Takes the input as two strings and a number, then converts the start string into an array of strings split on every two characters, stores that into $x. We then output $a as our starting section, and loop from ++$n to 1 (to ensure proper fenceposting). Each iteration, sets helper $j to the current number (used later for ensuring we've got the right number of steps between where we're currently at to our destination) and calculates the next step based on a loop through $x. Each inner loop is just an assignment. We're setting $x at the appropriate place equal to a new string "{0:x2}" using the -format operator. The x2 here specifies a two-digit hexadecimal output, and the input is the right-hand side of the -f operator. PowerShell has a native hexadecimal-to-decimal operator 0x, so this lengthy parens-nested expression is using that operator to convert the current hex to numbers, subtracting to find the difference yet to go (done by dynamically splitting $b here just like we did to $a, and using modulo to select the right element), dividing by $j steps remaining, casting to an [int] (PowerShell does banker's rounding by default), and subtracting that step-count from the current hex to get what our next hex needs to be. The result of that calculation is stored back into $x as three hex elements. That's encapsulated in parens to create a copy on the pipeline, and -joined together into a single string. All those resultant strings are left on the pipeline, and output via implicit Write-Output happens at program execution.

### Example

I was given 0ba7c5 and 6c0e50 for my two colors, and TimmyD has 6 characters in it.

PS C:\Tools\Scripts\golfing> .\rgb-gradients-generation.ps1 '0ba7c5' '6c0e50' 6
0ba7c5
1991b4
277ba3
356592
434f82
513971
5f2361
6c0e50 # Python 2, 189 bytes

w='[int(%s[i:i+2],16)for i in range(0,6,2)]'
def f(a,b,n):
l=lambda x,y:'%02x'%int((x*(n-i)+y*i)/n);c,d,e=eval(w%'a');f,g,h=eval(w%'b');n+=1
for i in range(n+1):print l(c,f)+l(d,g)+l(e,h) • Gorgeous pair of colors, @AndrewEpstein... Nice work with the code! – Eliseo D'Annunzio Sep 7 '16 at 19:29

# [Groovy] Final Update (199 Bytes) - As per request

## Non-golf

def g(a,b,n){
(0..(1.0/n)).collect{
c->
x={s->s.split("(?<=\\G.{2})").collect{Integer.parseInt(it,16)}};
(0..2).collect {
(int)(x(a).get(it)*n*c+x(b).get(it)*(1-n*c))
}.collect {
String.format("%X", it)
}.join()
}
}
g('FFFFFF','000000',1/10​​​​​​​​​​​​​​​​​​​​​​​​​​​​​​​​​​​​​​​​​​​​​​​​​​​​​​​​​​​​​​​​​​​​​​​​​​​​​​​​​​​​​​​​​​​​​​​​​​​​​​​​​​​​​​​​​​​​​​​​​​​​​​​​​​​​​​​​​​​​​​​​​​​​​​​​​​​​​​​​​​​​​​​​​​​​​​​​​​​​​​​​​​​​​​​​​​​​​​​​​​​​​​​​​​​​​​​​​​​​​​​​​​​​​​​​​​​​​​​​​​​​​​​​​​​​​​​​​​​​​​​​​​​​​​​​​​​​​​​​​​​​​​​​​​​​​​​​​​​​​​​​​​​​​​​​​​​​​​​​​​​​​​​​​​​​​​​​​​​​​​​​​​​​​​​​​​​​​​​​​​​​​​​​​​​​​​​​​​​​​​)​​​​​​​​​​​​​​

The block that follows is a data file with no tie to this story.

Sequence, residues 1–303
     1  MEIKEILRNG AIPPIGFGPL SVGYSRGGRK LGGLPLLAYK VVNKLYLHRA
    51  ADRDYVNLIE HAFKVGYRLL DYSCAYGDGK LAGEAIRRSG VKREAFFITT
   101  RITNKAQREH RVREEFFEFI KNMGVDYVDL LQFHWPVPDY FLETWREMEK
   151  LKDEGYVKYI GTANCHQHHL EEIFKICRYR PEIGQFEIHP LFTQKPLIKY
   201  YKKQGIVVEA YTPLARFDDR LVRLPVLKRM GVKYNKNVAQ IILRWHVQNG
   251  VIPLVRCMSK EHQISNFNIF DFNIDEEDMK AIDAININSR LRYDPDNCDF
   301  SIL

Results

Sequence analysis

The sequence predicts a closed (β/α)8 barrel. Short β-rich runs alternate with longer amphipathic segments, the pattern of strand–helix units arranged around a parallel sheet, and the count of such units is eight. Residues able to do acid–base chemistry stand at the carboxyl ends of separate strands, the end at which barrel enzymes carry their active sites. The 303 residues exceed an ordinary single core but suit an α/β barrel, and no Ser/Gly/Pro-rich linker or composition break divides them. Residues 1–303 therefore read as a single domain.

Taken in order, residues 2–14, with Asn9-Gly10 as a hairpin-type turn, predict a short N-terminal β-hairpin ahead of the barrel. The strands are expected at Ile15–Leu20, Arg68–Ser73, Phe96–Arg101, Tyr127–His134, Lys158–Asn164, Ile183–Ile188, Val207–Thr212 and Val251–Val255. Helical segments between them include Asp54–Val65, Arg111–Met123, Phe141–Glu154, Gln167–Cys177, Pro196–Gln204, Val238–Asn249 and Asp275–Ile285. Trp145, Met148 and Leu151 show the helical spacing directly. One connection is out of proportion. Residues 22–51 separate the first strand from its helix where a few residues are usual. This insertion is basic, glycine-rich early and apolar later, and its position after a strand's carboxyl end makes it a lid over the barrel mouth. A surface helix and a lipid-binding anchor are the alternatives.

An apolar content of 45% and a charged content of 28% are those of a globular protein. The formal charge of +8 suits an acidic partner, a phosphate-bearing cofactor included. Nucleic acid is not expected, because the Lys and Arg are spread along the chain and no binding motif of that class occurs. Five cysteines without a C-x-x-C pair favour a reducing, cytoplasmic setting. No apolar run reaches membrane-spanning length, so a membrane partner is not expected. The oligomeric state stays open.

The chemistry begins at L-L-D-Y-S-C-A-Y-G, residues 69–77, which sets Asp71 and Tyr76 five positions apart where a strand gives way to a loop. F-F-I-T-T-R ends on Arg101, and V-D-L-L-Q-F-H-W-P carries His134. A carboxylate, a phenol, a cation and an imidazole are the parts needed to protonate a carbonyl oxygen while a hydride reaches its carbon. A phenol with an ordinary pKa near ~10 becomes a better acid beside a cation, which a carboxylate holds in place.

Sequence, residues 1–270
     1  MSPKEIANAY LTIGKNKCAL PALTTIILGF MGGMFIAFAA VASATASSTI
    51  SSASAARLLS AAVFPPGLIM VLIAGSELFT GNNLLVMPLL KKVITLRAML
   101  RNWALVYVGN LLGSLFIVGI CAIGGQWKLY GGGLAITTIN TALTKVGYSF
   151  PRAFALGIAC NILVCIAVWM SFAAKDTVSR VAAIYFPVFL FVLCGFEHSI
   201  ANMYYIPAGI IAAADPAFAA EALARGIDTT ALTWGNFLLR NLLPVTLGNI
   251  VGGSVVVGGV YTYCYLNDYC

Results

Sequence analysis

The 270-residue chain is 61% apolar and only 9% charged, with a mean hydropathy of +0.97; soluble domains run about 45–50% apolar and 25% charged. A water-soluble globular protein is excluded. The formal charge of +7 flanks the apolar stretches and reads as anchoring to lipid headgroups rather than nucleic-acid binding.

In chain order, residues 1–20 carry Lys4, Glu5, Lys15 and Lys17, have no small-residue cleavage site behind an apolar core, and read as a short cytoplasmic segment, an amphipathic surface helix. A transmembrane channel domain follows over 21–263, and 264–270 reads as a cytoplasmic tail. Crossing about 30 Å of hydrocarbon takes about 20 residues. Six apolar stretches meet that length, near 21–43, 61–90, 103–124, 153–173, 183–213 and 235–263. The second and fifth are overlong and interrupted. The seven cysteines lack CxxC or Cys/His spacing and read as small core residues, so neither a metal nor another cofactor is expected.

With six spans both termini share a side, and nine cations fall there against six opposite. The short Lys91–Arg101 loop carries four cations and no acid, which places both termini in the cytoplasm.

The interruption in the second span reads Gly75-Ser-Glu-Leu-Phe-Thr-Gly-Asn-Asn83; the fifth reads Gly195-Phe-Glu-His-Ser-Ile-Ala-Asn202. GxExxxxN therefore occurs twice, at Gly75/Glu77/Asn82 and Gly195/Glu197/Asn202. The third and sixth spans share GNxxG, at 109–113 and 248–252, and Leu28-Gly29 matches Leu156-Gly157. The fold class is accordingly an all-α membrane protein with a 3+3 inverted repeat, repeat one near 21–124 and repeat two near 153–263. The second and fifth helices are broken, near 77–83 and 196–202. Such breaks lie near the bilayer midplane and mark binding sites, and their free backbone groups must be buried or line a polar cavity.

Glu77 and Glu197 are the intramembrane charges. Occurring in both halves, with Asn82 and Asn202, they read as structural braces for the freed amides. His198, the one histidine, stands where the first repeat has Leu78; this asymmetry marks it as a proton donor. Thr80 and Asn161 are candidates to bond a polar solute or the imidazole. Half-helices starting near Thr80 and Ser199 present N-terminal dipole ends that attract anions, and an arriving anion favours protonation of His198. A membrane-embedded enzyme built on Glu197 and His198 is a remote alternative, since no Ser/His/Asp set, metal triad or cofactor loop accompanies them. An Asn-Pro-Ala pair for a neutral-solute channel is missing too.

## Golf

g(a,b,n){(0..(1.0/n)).collect{c->x={s->s.split("(?<=\\G.{2})").collect{Integer.parseInt(it,16)}};(0..2).collect {(int)(x(a).get(it)*n*c+x(b).get(it)*(1-n*c))}.collect{String.format("%X",it)}.join()}}


Try the final here: https://groovyconsole.appspot.com/script/5130696796405760

# Groovy (123 Bytes)

## Golf

def g(r,g,b,r2,g2,b2,s){(1..(1.0/s)).collect{c->[(int)(r*s*c+r2*(1-s*c)),(int)(g*s*c+g2*(1-s*c)),(int)(b*s*c+b2*(1-s*c))]}}


## Non-golf

def g(r,g,b,r2,g2,b2,s){
(1..(1.0/s)).collect {
c ->
[(int)(r*s*c+r2*(1-s*c)),(int)(g*s*c+g2*(1-s*c)),(int)(b*s*c+b2*(1-s*c))]
}
}


## Inputs

r,g,b -> Starting RGB Color
r2,g2,b2 -> Ending RGB Color
s -> Gradient step


## Output Example

(00,00,00,255,255,255,.5)


results in

[
[255, 255, 255]
[127, 127, 127]
[0, 0, 0]
]


Try it yourself: https://groovyconsole.appspot.com/script/5184465357766656

# With Hex Conversions Included

Guess I'm kind of cheating as well... Here's the script with using hex:

## New code with hex conversions:

​    def g(r,g,b,r2,g2,b2,s){
(0..(1.0/s)).collect {
c ->
String.format("%X", ((int)(r*s*c+r2*(1-s*c)))) +  String.format("%X", ((int)(g*s*c+g2*(1-s*c)))) + "" +  String.format("%X", ((int)(b*s*c+b2*(1-s*c))))
}
}

g(126,34,166,218,26,33,0.0625)​


## 188 characters when golfed:

def g(r,g,b,r2,g2,b2,s){(0..(1.0/s)).collect {c->String.format("%X",((int)(r*s*c+r2*(1-s*c))))+String.format("%X",((int)(g*s*c+g2*(1-s*c))))+String.format("%X",((int)(b*s*c+b2*(1-s*c))))}}


## Output for 000000 to FFFFFF and 16 (Username Length)

g(00,00,00,255,255,255,0.0625).each{println it}​ • Err... slightly invalid, original version used "(0..(1.0/s))", should have been "(1..(1.0/s))". – Magic Octopus Urn Sep 7 '16 at 17:23
• Hi @carusocomputing... The input needs to be two hexadecimal strings and an integer... I'm not sure if Groovy can take input in this fashion, but you haven't quite nailed the brief... Could you please update your code based on the input mentioned in the Challenge section? – Eliseo D'Annunzio Sep 7 '16 at 19:32
• {s-> s.split("(?<=\\G.{2})").collect{Integer.parseInt(it,16)}}('FFFFFF') Results in [255,255,255] I can add 62 bytes to my code using that conversion if you really want me to. – Magic Octopus Urn Sep 7 '16 at 19:42